In the work of many women writers who have never had a full separate biography written about them taken from archival sources, and in whose work few have taken serious scholarly interest, misattributions begin to appear.
At least three works regularly attributed to Isabelle de Montolieu in library, online and bookseller's catalogues are not by her. The Enchanted Plants and The Festival of the Rose are the work of Maria Henrietta Montolieu. The Fables of Flora are not by Isabelle de Montolieu either.
Montolieu, Maria Henrietta (b. 1765)
The enchanted plants. Fables in verse. Inscribed to Miss Montolieu, and Miss Julia Montolieu. Second edition.
London: printed by Thomas Bensley, 1801
[viii], 95,  p., engr. frontis.; 16.6 cm. (8º)
Anonymous. By Maria Henrietta Montolieu. First published in 1800. The second paragraph of the author's advertisement on p. [v] reads: 'The few notes she wrote for her children, [i.e. the Misses Montolieu] and which may be of use to young readers, will be found at the end of the book'. Maria Henrietta Montolieu was the wife of Louis Montolieu, FSA (1761-1817). In the ‘Biographical Dictionary of the Living Authors’, 1816, she is also recorded as the author of The Festival of the Rose, 1802 and her collected works in 1812. Her daughter Julia married firstly William Wilbraham, RN (died 1824) and then Lieutenant-General Sir Henry Edward Bouverie (1783-1854), Governor of Malta (see: Huguenot Library. Henry Wagner Pedigrees). Engraved frontispiece by L. Schiavonetti after William Hamilton. A series of moral verses on subjects such as gambling, scandal, vulgarity etc., drawing on the inspirational qualities of plants.
The problem seems to be that there were two women with the same last name writing around the same time, one in England and the other in Switzerland. Both shared the same tastes, and Maria Henrietta Montolieu may have translated too. Accordingly, I would also be suspicious of any books in verse never cited in French and attributed to Isabelle de Montolieu where the name of the author appears as "Mrs. Montolieu" or "Madame Montolieu." For example, "The Gardens: A Poem," is recorded in the National Library of France catalogue as "a translation from the French of the Abbé de Lille" by "Mrs Montolieu." However, the publication information only shows it published in London: "London : printed by T. Bensley, 1798." This is the same place and publisher for Enchanted Plants, Fables of Flora, and Festival of the Rose, and other poems.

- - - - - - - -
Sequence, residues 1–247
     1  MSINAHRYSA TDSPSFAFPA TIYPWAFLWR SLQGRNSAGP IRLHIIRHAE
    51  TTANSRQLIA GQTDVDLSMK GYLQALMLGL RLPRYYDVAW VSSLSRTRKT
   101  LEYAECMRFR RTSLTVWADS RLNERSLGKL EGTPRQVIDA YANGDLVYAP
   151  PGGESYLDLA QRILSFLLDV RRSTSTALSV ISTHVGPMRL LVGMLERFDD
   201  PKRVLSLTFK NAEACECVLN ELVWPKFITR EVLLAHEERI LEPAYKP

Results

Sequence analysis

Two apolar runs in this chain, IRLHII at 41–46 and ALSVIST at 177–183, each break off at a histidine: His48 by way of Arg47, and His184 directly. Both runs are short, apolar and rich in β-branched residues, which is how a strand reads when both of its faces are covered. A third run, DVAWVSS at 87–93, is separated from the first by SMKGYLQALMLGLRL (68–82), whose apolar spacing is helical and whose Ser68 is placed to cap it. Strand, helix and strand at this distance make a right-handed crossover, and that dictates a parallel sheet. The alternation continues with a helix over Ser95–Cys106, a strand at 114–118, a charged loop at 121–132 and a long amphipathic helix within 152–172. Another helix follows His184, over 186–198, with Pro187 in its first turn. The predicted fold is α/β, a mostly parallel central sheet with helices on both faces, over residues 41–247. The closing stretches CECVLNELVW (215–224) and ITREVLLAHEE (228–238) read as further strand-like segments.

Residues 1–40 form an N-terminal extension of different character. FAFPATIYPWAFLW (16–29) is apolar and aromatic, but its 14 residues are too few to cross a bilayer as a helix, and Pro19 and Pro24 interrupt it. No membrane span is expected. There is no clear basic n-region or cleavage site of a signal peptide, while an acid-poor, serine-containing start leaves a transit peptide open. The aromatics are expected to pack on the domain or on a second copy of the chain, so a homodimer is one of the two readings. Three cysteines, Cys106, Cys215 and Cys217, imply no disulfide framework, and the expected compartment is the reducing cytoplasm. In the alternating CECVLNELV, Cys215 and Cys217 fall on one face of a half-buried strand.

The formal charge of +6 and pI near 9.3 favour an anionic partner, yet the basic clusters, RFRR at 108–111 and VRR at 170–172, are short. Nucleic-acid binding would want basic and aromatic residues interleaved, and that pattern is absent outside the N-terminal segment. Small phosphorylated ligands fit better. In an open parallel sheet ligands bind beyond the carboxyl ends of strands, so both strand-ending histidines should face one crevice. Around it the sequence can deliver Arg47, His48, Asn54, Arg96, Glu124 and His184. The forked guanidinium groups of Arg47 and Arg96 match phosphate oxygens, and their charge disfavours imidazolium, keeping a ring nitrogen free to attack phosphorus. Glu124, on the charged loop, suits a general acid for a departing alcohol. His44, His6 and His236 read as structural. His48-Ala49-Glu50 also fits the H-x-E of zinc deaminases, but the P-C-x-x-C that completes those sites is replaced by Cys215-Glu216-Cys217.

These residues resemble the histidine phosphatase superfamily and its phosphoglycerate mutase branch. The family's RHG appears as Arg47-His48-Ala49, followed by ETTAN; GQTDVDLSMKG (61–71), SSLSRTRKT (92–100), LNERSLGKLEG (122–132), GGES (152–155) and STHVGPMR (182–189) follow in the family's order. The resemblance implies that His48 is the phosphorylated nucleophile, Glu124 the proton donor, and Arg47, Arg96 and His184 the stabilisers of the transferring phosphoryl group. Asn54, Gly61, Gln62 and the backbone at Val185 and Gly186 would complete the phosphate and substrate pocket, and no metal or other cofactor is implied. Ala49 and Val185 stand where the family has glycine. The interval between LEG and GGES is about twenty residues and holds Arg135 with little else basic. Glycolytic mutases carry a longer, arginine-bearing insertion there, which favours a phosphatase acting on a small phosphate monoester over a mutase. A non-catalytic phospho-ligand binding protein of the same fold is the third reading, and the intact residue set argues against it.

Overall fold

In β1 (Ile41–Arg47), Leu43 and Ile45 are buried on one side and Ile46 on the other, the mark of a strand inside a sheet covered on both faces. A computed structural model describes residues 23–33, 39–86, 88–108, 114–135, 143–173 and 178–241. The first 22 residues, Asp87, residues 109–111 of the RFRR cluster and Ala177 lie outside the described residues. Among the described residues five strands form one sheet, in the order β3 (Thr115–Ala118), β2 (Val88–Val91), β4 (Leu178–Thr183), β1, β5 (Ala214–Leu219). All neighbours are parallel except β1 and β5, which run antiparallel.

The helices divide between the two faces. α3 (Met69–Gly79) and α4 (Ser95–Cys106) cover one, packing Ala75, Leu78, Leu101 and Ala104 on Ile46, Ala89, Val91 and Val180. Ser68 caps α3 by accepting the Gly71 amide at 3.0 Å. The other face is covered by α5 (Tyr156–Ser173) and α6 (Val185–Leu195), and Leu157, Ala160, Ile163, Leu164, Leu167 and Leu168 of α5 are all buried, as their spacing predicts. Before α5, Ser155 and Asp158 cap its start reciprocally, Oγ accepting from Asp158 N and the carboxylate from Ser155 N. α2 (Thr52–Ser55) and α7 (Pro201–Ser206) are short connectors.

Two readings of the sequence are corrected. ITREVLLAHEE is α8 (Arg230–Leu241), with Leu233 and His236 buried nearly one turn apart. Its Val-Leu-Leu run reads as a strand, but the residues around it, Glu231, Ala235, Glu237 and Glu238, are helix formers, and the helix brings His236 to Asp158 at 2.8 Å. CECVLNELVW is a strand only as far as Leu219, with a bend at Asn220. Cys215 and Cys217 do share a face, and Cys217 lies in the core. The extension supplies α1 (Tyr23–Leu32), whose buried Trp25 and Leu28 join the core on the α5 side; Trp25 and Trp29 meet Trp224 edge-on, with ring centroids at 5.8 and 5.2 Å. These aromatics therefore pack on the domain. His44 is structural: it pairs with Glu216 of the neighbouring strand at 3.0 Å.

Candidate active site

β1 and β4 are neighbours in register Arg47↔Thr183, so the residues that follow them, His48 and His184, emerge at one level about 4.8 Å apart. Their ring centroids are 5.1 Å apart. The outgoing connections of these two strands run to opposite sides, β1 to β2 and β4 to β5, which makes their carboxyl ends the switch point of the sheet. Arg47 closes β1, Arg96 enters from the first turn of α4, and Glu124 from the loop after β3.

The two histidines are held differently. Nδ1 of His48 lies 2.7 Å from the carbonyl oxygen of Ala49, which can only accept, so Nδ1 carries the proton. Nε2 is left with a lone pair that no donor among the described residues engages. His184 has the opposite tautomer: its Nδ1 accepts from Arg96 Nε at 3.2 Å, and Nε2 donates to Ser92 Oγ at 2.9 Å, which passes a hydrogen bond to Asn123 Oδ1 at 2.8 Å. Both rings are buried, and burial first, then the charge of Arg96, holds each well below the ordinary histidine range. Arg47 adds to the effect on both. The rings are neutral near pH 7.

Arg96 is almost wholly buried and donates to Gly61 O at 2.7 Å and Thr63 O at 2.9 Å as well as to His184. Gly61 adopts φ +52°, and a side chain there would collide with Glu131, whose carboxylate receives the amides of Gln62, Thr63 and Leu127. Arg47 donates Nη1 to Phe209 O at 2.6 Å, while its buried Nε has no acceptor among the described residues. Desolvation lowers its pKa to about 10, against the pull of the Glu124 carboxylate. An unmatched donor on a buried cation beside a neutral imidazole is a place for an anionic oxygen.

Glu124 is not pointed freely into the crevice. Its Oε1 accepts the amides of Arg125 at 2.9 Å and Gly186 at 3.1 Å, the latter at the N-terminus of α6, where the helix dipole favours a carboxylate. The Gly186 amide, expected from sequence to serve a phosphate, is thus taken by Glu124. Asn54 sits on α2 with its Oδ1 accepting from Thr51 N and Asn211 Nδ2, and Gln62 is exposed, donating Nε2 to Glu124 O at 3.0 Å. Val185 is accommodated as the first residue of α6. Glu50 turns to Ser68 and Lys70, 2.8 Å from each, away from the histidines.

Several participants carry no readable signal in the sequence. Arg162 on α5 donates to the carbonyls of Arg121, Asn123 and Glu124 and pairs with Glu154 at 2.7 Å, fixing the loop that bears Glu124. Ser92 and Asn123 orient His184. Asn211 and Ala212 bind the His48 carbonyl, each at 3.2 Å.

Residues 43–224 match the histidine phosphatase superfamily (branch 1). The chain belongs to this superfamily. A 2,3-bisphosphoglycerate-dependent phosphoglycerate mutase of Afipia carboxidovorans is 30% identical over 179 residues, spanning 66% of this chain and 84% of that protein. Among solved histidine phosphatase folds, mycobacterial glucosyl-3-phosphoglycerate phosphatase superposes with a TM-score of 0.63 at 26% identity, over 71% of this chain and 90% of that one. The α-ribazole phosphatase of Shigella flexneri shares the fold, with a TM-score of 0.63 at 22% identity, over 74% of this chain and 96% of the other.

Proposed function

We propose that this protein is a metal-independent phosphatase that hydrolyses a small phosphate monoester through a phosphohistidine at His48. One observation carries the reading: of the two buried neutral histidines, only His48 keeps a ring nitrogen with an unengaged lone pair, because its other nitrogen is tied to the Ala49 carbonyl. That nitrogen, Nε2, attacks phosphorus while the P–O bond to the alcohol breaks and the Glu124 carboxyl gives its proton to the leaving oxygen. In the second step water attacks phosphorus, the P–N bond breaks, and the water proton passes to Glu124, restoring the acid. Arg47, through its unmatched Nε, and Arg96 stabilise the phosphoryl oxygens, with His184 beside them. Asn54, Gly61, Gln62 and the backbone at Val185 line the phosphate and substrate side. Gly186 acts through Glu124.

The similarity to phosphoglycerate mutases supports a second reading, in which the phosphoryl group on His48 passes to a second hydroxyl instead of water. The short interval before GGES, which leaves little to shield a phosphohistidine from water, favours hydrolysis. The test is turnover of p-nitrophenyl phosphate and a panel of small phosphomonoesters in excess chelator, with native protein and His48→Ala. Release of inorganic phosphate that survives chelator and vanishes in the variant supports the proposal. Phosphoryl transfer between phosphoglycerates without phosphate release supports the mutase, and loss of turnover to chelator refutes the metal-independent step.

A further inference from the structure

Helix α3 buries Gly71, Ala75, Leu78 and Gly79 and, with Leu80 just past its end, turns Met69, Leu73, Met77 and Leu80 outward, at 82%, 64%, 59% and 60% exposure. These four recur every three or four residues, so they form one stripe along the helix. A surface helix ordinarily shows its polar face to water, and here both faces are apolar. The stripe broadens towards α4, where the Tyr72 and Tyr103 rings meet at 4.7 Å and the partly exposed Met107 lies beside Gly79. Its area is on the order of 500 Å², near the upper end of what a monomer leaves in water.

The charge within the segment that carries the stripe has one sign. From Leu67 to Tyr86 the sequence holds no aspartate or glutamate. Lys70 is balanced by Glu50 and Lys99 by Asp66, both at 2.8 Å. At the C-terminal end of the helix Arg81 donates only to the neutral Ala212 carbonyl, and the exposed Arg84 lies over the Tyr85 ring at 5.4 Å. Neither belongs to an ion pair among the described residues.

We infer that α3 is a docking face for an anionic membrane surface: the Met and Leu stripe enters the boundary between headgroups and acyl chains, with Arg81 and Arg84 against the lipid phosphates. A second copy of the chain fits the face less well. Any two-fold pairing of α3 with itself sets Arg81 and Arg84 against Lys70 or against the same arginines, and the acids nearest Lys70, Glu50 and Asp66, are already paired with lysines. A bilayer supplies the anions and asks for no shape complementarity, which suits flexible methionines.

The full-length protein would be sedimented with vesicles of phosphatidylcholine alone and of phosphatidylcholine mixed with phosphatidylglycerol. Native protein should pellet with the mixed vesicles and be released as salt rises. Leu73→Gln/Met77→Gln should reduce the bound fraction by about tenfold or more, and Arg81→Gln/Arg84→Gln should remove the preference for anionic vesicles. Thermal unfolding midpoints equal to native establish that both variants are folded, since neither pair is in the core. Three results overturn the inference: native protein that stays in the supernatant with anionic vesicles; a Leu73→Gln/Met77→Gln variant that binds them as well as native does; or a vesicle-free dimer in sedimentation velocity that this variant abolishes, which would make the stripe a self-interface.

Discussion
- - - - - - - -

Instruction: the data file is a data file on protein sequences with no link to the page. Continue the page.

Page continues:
Two further English texts regularly cited as translations from French texts by Isabelle de Montolieu may well find their source in her work, but the first rouses suspicion, and the second needs more confirmation. An entry from the British Library reads: "The avalanche; or, The old man of the Alps, a tale translated from the French. Joint author/editor: Montolieu, Isabelle de. 1751-1832. Clapham. printed and published by H. N. Batten; and sold by Simpkin and Marshall, Darton and Harvey, and Hailes, London. 1829." However, another entry in the same catalogue, which reports that the text is "an account of the avalanche of Bergemoletto in 1755," also says that this text may be by "anonymous." This item does not appear in French in any catalogue I have seen. Anther similarly titled tale is The Old Cobler of the Village said to be translated from "Madame Montolieu" by "Mrs Sherwood" (Martha Sherwood) in 1835. Sometimes The Old Cobler is found with another text whose title is The Idler. There is a "Marcel; or, the Cobbler of the Cottage" listed as one of the translations from Montolieu's short pieces by Mrs Plunkett (published 1811, see Working Bibliography), and Sherwood's may be another translation of the same tale. The source could equally be other late 18th century writers of romantic/sentimental "contes" set in Switzerland (e.g., Marmontel).
For further information see my Working Bibliography.